Actually it is taking me a lot longer to get ontop of how to work with my new 50D than it did with going from my 300D to the 20D, that change was pretty uneventful, sensor performance was actually very close, at least as far as working out the optimum exposure levels, mated with my RAW processing. I'm still not really confident with just where to put the exposure in my attempts to ETTR as far to the right as possible. I think this could also be in part thanks to using a cheap lens a lot of the time. Most of the time 12 stops of DR is plenty, actually 10 or 11 would probably be OK much of the time.

It has only been a couple of times where conditions have been particularly difficult, the scene has contained about 16 stops of DR, possibly more. If you take a very thin layer of cloud, back light it with the sun, so that it is still bright enough that shadows are cast on the ground, and try to shoot an aircraft against that. You are not getting good detail in the underside of the aircraft. this is especially true if you expose for the shadows. I am using a cheap lens (Sigma 28-300mm) and the flare and blooming effects that I see on the sensor make it completely unusable.

This is a subject with the same level of illumination falling on it, and where I do not mind too much that I clip the sky detail. Changing the camera orientation by 90 degrees results in a three stop change in the background brightness. That moves the shot from being just about perfectly ETTR to one where the sensor seems overwhelmed with light.

It is only when in this situation that I really want all of the extra DR on the sensor that I can get. When you can no longer slide the "exposure window" to where you really want it, because the rest of the sensor can't handle the light levels.

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Sep 23, 2014 12:28 |  #154

davesrose wrote in post #17173276 (external link)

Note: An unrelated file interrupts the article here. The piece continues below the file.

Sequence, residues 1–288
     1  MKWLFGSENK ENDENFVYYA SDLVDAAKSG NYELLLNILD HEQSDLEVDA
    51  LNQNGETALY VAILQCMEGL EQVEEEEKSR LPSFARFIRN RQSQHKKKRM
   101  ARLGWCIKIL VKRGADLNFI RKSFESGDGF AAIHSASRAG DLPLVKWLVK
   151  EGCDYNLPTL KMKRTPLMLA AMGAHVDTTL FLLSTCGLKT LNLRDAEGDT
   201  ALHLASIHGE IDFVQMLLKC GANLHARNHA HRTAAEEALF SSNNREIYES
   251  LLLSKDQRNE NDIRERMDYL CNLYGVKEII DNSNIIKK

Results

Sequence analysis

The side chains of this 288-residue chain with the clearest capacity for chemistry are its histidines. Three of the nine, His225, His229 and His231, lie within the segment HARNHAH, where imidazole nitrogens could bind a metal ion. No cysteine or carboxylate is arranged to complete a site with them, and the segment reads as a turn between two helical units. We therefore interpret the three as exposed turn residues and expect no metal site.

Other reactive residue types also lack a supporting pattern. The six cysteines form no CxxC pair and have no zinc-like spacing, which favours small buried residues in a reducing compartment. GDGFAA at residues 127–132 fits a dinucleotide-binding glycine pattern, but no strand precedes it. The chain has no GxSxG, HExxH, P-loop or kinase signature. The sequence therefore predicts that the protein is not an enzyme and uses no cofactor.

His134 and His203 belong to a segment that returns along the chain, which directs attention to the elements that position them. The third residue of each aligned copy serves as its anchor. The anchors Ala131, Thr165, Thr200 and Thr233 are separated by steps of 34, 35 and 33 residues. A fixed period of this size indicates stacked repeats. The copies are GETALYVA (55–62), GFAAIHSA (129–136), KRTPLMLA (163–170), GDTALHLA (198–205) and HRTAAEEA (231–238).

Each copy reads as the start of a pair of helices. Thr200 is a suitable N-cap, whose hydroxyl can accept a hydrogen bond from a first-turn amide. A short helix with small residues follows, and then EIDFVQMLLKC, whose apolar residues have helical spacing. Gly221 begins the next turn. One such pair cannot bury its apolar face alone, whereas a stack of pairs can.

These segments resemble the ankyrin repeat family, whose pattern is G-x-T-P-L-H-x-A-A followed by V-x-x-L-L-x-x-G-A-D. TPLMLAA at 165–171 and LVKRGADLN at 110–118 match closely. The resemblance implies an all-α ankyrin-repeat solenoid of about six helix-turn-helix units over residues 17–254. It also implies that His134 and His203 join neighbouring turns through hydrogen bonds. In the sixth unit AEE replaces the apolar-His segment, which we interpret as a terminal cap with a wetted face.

I suppose the extra bits could help with precision, or is there such a thing as a 15bit ADC? There doesn't seem to be one consistant measure of sensor DR, but I would assume camera manufacturers know their sensors the best and would consider going higher when the sensor demands it.

It's fully possible to make 15-bit ADC. For most situations, there are no technical reasons to only make 8-bit, 10-bit, 12-bit, 14-bit, 16-bit, ... ADC. In some situations, the use of an even number of bits gives the advantage that the ADC would consume an even number of clock cycles for doing the conversion. But that isn't applicable to all types of ADC, and not all systems has an advantage of the conversion taking an even number of clock cycles. So it's mostly tradition that makes them have an even number of bits.

For 3D graphics, the logical step when finding that 16 bits was too little is to select 32 bits. Few processors can handle 20 bits or 24 bits faster than they handle 32-bit. So selecting 24-bit color channel resolution would just mean that 8 bits would have to be thrown away.


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Sep 23, 2014 12:32 |  #155

pwm2 wrote in post #17173317 (external link)
For 3D graphics, the logical step when finding that 16 bits was too little is to select 32 bits. Few processors can handle 20 bits or 24 bits faster than they handle 32-bit. So selecting 24-bit color channel resolution would just mean that 8 bits would have to be thrown away.

Yes, for rendering, I've found it true that 32bit can be quite a bit faster then 16bit. It just can take up a lot of hard drive space if you're trying to use an image sequence of 32bit TIFs (let alone EXR files that can have any number of channels) :)


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Sep 23, 2014 12:34 |  #156

BigAl007 wrote in post #17173289 (external link)
Actually it is taking me a lot longer to get ontop of how to work with my new 50D than it did with going from my 300D to the 20D, that change was pretty uneventful, sensor performance was actually very close, at least as far as working out the optimum exposure levels, mated with my RAW processing. I'm still not really confident with just where to put the exposure in my attempts to ETTR as far to the right as possible. I think this could also be in part thanks to using a cheap lens a lot of the time. Most of the time 12 stops of DR is plenty, actually 10 or 11 would probably be OK much of the time.

I had some P&S digital cameras before getting my first DSLR. It took me awhile to get used to the noise and clipping on my 5Dc when I got it new. Any landscape scenes, I would try out ETTR as much as I could tell from the histogram. After pulling levels from the RAW, I always found I had more leeway with the highlights and not any with the shadows. Maybe it was good to first learn on an older 12bit system, as when I got the 5DmkIII, I immediately noticed the change in DR. I have a lot more leeway in the highlights (and the shadows may be a bit cleaner due to slightly better noise handling/extra resolution as compared to the 5D). It was very easy for me to get used to the better DR in the 5DmkIII.